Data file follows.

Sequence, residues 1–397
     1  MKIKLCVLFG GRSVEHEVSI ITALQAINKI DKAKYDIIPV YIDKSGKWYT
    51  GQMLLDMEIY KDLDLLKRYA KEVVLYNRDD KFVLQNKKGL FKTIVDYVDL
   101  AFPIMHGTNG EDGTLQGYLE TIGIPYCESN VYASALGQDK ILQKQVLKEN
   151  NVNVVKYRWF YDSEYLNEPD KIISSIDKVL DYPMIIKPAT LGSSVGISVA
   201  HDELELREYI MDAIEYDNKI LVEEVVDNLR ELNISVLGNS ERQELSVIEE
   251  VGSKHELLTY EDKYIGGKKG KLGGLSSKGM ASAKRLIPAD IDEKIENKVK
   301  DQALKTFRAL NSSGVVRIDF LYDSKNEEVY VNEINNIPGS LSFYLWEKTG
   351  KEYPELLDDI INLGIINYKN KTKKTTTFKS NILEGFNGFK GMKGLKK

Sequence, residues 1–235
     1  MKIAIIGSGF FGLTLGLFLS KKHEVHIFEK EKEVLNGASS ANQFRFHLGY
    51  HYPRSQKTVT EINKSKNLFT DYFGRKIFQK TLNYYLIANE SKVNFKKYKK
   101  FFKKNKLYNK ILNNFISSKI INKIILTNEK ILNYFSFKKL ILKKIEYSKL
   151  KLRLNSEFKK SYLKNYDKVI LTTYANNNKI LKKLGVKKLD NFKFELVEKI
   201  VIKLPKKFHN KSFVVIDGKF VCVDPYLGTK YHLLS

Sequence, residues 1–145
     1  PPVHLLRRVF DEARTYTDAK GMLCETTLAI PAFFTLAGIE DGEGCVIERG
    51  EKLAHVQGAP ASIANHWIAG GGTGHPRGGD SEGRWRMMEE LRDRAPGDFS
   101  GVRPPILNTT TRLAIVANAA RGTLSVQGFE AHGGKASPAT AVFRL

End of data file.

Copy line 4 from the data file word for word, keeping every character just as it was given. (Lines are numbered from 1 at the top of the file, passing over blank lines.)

   101  AFPIMHGTNG EDGTLQGYLE TIGIPYCESN VYASALGQDK ILQKQVLKEN